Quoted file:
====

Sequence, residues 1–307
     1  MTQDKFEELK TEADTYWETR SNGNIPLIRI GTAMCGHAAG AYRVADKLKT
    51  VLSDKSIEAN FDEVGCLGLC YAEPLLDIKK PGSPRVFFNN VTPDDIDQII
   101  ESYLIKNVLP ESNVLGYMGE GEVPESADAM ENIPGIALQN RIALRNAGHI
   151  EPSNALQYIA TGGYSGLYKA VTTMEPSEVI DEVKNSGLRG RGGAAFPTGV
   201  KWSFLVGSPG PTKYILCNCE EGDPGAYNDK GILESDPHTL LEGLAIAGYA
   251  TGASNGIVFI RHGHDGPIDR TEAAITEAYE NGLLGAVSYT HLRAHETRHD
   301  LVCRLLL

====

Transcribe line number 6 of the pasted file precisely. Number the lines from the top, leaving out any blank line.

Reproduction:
   201  KWSFLVGSPG PTKYILCNCE EGDPGAYNDK GILESDPHTL LEGLAIAGYA